theJasmineBRAND.com exclusively reports, Bobby Shmurda has dismissed his false arrest lawsuit against the NYPD, in which he demanded they pay damages for the emotional distress they allegedly caused him — following a plea deal being reached last week where he will serve a 7-year prison sentence.
The rapper was indicted – along with 14 others – by the New York City Special Narcotics Office last year. The charges ranged from murder, attempted murder, assault and drug dealing.
Shmurda was specifically charged with conspiracy to commit murder along with drug and weapon charges.
The rapper accused the NYPD officers of targeting him due to his anti-police songs and claimed the same police who arrested him had previously harassed him and his friends a year prior. He filed docs saying the 3 officers had a history of lying in other case and he wanted their disciplinary records, but the judge shut down that request.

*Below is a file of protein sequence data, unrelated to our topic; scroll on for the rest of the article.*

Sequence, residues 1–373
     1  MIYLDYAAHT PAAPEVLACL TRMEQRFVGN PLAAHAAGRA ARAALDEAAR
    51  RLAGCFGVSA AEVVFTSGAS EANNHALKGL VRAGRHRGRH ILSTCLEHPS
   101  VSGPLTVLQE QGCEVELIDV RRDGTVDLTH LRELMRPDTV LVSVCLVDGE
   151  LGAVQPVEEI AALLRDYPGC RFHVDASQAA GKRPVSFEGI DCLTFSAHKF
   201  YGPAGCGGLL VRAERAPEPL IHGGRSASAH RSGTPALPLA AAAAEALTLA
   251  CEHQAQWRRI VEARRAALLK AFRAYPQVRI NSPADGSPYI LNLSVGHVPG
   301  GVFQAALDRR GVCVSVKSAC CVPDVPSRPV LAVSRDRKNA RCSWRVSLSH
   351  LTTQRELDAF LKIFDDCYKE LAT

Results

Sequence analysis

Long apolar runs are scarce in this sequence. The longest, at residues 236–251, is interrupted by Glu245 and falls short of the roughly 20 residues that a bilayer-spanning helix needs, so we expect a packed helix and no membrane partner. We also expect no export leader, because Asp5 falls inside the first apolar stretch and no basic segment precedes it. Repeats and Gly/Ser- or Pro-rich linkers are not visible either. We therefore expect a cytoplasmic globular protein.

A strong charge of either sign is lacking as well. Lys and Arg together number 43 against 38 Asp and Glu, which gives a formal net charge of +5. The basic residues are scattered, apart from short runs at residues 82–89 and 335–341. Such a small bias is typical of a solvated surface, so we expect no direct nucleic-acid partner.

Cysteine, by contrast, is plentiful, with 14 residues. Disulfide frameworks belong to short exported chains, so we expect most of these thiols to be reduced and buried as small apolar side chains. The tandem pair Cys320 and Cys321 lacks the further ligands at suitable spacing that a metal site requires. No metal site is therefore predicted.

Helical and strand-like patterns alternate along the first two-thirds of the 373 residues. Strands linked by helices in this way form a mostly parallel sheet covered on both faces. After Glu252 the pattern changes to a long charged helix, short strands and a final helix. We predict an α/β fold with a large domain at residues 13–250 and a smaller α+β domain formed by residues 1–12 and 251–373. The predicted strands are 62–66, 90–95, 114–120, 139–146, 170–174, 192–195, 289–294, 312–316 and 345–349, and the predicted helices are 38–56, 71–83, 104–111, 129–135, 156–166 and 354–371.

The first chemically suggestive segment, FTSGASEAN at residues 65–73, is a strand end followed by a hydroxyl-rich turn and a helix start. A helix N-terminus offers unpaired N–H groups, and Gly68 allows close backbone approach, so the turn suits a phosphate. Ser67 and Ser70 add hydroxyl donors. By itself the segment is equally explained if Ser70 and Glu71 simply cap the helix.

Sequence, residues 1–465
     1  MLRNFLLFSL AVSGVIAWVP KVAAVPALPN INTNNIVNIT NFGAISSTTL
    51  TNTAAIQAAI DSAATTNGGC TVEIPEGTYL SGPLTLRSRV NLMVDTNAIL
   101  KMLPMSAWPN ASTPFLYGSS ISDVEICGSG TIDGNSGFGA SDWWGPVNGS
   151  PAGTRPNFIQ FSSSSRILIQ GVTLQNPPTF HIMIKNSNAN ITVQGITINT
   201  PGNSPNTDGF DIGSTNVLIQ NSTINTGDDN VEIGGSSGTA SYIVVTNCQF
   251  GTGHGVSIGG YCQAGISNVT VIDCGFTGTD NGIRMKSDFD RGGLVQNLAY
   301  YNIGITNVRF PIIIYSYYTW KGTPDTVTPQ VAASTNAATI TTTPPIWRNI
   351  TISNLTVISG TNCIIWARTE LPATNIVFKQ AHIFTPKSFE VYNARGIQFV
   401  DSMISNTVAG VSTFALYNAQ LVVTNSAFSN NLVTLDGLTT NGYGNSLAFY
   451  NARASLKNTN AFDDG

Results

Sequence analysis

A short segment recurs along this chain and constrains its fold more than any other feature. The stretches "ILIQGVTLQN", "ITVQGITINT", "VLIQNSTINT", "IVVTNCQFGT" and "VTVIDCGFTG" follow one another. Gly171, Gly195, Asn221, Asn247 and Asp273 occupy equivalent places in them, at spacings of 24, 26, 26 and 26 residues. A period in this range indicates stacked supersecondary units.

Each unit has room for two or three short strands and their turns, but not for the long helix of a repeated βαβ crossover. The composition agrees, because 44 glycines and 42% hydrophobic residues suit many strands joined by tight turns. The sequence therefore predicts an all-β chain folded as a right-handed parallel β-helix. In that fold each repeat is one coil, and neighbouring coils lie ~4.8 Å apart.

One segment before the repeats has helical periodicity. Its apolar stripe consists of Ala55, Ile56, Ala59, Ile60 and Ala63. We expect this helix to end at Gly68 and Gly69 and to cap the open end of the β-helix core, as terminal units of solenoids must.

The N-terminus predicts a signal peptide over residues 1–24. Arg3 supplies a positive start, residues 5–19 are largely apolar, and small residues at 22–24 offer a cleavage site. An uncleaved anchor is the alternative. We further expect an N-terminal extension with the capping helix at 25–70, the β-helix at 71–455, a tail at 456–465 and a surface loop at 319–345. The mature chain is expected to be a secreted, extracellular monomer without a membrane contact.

Shortly after the arrest, he filed a federal lawsuit against the City of New York accusing them of falsely arresting him demanding they pay up for their actions.
Shmurda said the arresting officers lied about what went down and neither the gun or drugs found were his.
The rapper demanded damages for causing him to be stuck in jail for over a year along with compensation for his mental anguish they caused.
The lawyers representing NYC demanded the suit be stayed until the outcome of the criminal case. The judge granted their motion earlier this year and the case was at a stand still until earlier late last week, when Shmurda reached a plea deal in the criminal case.
He was originally charged with conspiracy to commit murder along with weapon and drug charges, but the plea had the rapper plead guilty to conspiracy to possess weapon and possession of a weapon. Shmurda was sentenced to 7 years in prison – minus the 20 months he has already served – followed by 5 years probation.
Then shortly after the plea deal was reached in court, the rapper filed docs in his false arrest lawsuit explaining he is dismissing all claims against the City of New York, without the option to refile them at a later date — meaning he will not pursue any action against the city even once he is released from prison.